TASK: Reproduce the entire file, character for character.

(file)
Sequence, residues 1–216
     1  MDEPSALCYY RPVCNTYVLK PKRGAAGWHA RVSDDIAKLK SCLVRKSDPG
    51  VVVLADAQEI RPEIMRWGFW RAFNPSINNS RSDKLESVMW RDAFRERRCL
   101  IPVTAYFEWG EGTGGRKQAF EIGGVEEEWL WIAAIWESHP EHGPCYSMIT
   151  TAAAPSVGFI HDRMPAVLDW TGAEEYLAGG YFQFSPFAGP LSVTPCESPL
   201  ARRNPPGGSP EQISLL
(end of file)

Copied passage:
Sequence, residues 1–216
     1  MDEPSALCYY RPVCNTYVLK PKRGAAGWHA RVSDDIAKLK SCLVRKSDPG
    51  VVVLADAQEI RPEIMRWGFW RAFNPSINNS RSDKLESVMW RDAFRERRCL
   101  IPVTAYFEWG EGTGGRKQAF EIGGVEEEWL WIAAIWESHP EHGPCYSMIT
   151  TAAAPSVGFI HDRMPAVLDW TGAEEYLAGG YFQFSPFAGP LSVTPCESPL
   201  ARRNPPGGSP EQISLL